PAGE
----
I told you how Frank Capizzi a few questions into his cross-examination turned to the judge in response to a Carney question asking him if he was involved in any illegal activities back in the ’70s and said he wanted to claim his rights. This resulted in a side bar (bench conference) among the judge and all the lawyers and then a recess.
I anxiously awaited to hear his testify after the morning recess even though it seemed to me Carney was shooting himself in the foot with his cross. But it was not to be right away. The judge announced to the jury that Capizzi would come back to testify later. The next witness who went on the stand was Joseph Costa a retired MDC motor cycle cop who identified pictures at the scene of the William O’Brien murder on Morrissey Boulevard in Dorchester showing the car with all the bullets in it and blood on the carpets. That was the car that Ralph DiMasi was riding in when he decided to go after the gunmen with his stiletto.
After him came Joseph Angeli who identified a picture of his father, Joseph Notorangeli. The next witness called was Billy McDermott. I worked on several cases with Billy when he was a Brookline detective. He was a hard worker. He was always reliable and trustworthy. It was good to know he was still around and looking good.
Now up to the time Billy McDermott, who retired from the Brookline Police as a detective lieutenant, got on the stand the prosecution had presented a picture of two guys who were inseparable: Whitey and Stevie. All the witnesses who had relations with them who testified would talk about Whitey and Stevie; they left rent payment with Whitey and Stevie; Martorano said Whitey told him anything he told Stevie was like talking to him. The pictures of the Lancaster Street garage showed them together; the guns taken from the screened house behind Stevie’s Flemmi’s house you have to connect to Whitey because he and Stevie were inseparable.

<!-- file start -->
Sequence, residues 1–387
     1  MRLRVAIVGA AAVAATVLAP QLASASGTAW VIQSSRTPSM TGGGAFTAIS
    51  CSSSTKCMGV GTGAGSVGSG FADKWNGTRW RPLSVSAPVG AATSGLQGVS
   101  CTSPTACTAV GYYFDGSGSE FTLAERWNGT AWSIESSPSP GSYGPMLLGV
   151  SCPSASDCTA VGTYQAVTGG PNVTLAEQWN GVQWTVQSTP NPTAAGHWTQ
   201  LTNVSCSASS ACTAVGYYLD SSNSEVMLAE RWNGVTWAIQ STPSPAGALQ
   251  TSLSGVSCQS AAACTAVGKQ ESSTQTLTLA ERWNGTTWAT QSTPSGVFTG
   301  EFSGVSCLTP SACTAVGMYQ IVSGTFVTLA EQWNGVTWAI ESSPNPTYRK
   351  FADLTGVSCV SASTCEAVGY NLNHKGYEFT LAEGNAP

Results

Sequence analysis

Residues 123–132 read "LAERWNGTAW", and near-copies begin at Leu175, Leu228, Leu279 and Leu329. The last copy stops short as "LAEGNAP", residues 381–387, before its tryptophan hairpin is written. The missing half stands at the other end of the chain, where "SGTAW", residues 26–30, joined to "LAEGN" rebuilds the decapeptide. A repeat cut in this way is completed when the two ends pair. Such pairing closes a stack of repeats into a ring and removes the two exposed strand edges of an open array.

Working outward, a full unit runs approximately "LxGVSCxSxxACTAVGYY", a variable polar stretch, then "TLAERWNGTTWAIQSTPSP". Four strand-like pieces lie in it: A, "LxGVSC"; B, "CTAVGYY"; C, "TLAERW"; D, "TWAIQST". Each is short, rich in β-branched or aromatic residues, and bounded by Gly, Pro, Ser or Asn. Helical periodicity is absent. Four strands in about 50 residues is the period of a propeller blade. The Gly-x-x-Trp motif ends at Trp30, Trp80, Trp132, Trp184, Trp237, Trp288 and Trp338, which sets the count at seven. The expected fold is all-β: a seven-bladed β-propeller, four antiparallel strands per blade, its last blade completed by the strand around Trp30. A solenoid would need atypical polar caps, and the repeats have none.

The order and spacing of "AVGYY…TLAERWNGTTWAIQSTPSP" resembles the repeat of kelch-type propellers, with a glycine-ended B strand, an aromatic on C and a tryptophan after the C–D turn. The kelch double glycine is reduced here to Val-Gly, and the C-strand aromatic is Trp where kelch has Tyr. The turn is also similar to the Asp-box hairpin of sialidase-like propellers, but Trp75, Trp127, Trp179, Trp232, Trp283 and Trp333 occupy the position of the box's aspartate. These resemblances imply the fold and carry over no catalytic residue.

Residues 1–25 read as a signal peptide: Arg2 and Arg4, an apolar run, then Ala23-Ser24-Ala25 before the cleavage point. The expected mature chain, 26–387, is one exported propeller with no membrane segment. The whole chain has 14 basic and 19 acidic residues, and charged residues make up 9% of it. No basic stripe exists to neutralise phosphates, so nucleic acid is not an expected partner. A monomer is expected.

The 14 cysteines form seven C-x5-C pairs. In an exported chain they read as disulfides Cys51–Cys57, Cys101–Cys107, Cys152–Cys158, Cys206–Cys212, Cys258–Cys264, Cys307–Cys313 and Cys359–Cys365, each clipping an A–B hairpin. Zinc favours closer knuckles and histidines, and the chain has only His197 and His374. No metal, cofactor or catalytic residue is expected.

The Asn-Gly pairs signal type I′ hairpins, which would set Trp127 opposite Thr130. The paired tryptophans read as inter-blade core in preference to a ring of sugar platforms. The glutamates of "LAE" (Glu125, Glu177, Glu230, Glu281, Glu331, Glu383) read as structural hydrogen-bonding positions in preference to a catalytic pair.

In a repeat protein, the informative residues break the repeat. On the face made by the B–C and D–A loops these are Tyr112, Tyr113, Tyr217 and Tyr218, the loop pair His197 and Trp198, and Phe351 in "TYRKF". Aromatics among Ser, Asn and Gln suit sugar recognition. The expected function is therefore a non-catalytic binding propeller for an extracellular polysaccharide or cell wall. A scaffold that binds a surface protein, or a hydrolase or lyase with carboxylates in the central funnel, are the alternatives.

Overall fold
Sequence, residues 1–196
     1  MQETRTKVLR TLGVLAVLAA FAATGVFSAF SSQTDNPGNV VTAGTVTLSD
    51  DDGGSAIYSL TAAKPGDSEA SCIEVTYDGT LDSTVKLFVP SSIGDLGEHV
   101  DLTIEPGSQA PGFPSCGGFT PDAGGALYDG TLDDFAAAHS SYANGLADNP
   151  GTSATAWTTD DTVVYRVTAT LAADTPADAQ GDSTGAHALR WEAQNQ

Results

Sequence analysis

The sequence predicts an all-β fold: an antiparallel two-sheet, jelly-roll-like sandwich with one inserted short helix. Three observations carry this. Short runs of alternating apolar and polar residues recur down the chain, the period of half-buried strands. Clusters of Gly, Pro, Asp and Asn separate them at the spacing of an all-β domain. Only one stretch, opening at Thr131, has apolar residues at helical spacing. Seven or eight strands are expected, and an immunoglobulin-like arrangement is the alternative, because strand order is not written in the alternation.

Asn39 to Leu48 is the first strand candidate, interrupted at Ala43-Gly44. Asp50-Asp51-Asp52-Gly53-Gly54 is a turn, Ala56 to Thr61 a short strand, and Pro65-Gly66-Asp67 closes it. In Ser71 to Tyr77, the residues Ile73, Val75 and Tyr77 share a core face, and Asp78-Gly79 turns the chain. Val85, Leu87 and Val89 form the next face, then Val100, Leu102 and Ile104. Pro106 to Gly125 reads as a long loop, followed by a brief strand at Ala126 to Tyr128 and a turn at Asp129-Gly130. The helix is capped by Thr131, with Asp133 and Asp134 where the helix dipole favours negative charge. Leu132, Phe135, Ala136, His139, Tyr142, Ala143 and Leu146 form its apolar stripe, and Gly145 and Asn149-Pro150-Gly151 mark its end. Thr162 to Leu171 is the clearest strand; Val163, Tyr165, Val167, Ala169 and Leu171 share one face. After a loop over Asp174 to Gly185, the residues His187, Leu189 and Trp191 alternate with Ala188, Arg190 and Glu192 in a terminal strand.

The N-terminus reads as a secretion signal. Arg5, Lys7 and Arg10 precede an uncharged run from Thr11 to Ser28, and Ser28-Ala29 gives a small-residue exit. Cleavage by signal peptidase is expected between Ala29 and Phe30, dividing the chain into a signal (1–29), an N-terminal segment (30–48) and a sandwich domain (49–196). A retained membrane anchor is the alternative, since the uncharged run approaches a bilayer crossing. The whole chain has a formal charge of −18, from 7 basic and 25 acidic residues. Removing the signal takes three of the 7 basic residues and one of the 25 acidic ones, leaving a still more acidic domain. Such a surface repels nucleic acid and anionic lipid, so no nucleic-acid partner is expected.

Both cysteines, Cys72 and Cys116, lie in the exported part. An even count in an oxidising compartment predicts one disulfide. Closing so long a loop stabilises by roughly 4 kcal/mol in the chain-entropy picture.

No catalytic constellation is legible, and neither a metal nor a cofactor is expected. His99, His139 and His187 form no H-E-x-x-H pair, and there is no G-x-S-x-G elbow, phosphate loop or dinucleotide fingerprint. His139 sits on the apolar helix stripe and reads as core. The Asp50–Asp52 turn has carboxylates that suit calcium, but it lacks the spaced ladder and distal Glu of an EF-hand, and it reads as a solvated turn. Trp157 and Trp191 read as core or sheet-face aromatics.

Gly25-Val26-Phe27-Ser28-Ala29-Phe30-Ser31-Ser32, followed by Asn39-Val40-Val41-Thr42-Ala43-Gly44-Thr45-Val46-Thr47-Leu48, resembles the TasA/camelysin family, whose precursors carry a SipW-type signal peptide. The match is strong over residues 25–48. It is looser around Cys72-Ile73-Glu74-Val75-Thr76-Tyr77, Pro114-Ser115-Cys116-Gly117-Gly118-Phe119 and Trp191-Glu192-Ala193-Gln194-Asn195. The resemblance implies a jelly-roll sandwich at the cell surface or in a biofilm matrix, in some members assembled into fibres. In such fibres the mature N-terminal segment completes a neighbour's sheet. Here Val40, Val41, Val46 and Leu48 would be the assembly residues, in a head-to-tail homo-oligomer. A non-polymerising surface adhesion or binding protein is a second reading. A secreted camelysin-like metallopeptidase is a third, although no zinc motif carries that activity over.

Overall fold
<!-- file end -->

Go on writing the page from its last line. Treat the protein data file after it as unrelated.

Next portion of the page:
The last thing the prosecution should have wanted, at least in my humble opinion, was to have the defense put a wedge between them.
Now I’ve told how Wyshak walked into two left hooks in doing his redirect examination: the first when he tried to fool the jury and the other time when Raph DiBona exclaimed about the way the system works. That’s understandable since you do make mistakes trying a case. Walking into a left hook is one thing; but walking into the corner post is another.
I’ve sensed Wyshak doesn’t have a “big picture” view of the case or any strategy. At times it seems he’s come up with a lot of witnesses and just puts them on the stand hoping he will get something out of them. It’s like throwing mud at a wall and hoping some sticks.
This isn’t the type of case even he can lose. He has two of the worst criminals who ever walked the streets of America, John Martorano and Steve Flemmi, who will testify for him and say Whitey was their partner. All he has to say is what type of man would be partners with these type of guys. In fact that’s one of Carney and Brennan’s problems, the worse they make Martorano and Flemmi look the worse they make their client look.
Aside from the “birds of a feather” argument, he has the bodies of six victims who were buried by his side-thug Kevin Weeks. He has Whitey’s lawyers conceding that Whitey was a big bookie and big drug dealer.
So what does he get out of Billy McDermott? Well, Billy testified that in the mid-Eighties he began to notice some of the wise guys beginning to hand around in Brookline with George Kaufman who he knew was a connected guy. For the next eight or ten years he did periodic surveillance of these guys taking photographs when he could. He produced some photographs that were introduced into evidence – they showed Stevie Flemmi meeting with George Kaufman; they also showed him meeting with Frankie Salemme; they showed where they met.
We had already seen photographs of Stevie and George Kaufman meeting at the Lancaster Street garage. None of Billy’s photographs added anything to the evidence already in except they showed Frankie Salemme a Mafia guy who has little to do with Whitey. Eight to ten years of surveilling the wise guys in Brookline and who didn’t he see; you guessed it, he never saw Whitey meeting with them.
Why after spending two weeks linking Whitey with Stevie does he put on a witness that separates them? I don’t understand it. I wonder how he thinks McDermott fit into the case, he certainly didn’t help him.
After McDermott Barbara Sousa testified about how her husband James disappeared after he went to meet Bill Barnowski. Finally they called Frank Capizzi back to the stands and I rubbed my hands together in anticipation. Carney stood up to continue his cross-examination. He announced no further questions. The judge told him he was excused.
Capizzi said in a loud voice, “thank you judge, thank you everybody, it’s been an experience” and he walked out of the courtroom. It was a let down for me. The wise guys bring a lot of color.
The rest of the morning some guy from the inspector generals office of the Department of Justice started putting in records of the FBI. I noticed some of the media covering the case dozing off. The jury was sent home. The lawyers argued some legal points. And I had time to try to wonder about this whole case.